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    Registered User ssharish2005's Avatar
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    there is nothing wrong with starting the index value from 1 or 0. the only resaon if you start from 0 is that the compiler internally starts the indexing from the 0 and more over you not wasting memory. let me give an example lets take aand set of numbers and store that in a array
    10 20 30 40 50
    letd insert these values inside and arrat starting the index value from 0
    Code:
    int array[5];
    
    [10] [20] [30] [40] [50]
    0      1      2     3     4     -------->  while(i<5)
    starting the index value from 1
    Code:
    [ ] [10] [20] [30] [40] [50]
    0  1      2       3    4      5 ----------> while(i<=5);
    can u now find out the differece between the two indexing style, in the former one u starting at 0 and u goign up to 4, but with the later you start with the 1 and go up to 5

    with the latter u are just wasting one element that index 0. but still be programmer use the later style as the real work speaks from 1 not from 0

    ssharish2005

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    Logic Programmer logicwonder's Avatar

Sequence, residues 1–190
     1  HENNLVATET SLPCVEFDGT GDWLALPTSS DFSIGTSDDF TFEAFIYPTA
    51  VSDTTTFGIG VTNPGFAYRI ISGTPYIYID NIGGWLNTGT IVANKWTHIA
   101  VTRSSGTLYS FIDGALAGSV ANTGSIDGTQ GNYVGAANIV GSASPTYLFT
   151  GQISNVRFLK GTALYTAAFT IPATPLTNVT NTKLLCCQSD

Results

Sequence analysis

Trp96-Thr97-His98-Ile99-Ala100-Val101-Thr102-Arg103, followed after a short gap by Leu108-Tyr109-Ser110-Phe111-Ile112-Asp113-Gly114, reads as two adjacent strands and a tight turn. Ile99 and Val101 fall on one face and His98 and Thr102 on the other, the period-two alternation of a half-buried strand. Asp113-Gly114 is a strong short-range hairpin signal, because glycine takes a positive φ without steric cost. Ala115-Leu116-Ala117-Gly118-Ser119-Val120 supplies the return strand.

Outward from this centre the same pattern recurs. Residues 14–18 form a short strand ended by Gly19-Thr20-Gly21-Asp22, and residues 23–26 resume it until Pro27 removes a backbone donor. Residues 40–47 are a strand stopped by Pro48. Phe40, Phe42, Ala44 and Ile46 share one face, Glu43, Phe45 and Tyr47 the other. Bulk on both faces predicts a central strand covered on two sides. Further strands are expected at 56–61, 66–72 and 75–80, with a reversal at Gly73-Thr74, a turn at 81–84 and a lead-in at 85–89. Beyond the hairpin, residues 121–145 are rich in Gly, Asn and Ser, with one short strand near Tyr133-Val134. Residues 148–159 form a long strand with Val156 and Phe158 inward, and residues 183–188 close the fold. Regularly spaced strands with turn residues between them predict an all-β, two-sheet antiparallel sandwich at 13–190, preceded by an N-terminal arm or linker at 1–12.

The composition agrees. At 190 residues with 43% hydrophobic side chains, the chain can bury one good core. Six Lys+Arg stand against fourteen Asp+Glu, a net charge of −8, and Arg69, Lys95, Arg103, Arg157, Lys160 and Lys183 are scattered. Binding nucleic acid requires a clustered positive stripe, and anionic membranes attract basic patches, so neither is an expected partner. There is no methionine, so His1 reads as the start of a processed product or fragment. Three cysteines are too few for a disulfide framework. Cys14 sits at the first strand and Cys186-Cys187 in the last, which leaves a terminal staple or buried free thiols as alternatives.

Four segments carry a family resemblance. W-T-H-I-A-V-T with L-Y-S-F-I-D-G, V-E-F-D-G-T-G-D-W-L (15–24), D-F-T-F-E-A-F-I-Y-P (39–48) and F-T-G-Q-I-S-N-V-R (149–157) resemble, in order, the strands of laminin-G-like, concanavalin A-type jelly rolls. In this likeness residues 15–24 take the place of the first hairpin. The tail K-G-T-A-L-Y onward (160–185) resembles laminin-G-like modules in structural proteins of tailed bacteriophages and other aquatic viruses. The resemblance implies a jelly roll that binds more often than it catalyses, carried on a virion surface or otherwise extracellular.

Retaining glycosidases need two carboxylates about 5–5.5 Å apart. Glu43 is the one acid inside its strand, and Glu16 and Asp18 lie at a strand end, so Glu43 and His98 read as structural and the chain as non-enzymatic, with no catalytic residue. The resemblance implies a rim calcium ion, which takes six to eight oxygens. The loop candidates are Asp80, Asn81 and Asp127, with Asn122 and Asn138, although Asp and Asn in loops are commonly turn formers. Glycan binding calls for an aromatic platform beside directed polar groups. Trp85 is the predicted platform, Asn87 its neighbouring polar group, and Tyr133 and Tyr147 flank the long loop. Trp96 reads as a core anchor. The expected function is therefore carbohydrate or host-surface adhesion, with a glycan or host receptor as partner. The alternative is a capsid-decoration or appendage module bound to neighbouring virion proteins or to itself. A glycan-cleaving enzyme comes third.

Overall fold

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    This is not the point. I am concerned about accepting position inputs and displaying position outputs. I always use the correct method of indexing 0 to n-1. But when it comes to input/output what about giving a pseudo index (i.e position+1)?
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    Registered User ssharish2005's Avatar
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    i prefer starting from 0

    ssharish2005

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    Quote Originally Posted by logicwonder
    This is not the point. I am concerned about accepting position inputs and displaying position outputs. I always use the correct method of indexing 0 to n-1. But when it comes to input/output what about giving a pseudo index (i.e position+1)?

    As long as you are consistent, and as long as you keep the "guts" hidden, then in my opinion it shouldn't matter.

    As I understand it, you're basically talking about representing the position to the user as postion + 1. As long as you ALWAYS do this, and don't get confused (believe me, it can happen), then it's my opinion that it is fine.

    Nothing wrong with hiding implementation details from your interface. In fact, in most cases, it is highly desirable.

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    Logic Programmer logicwonder's Avatar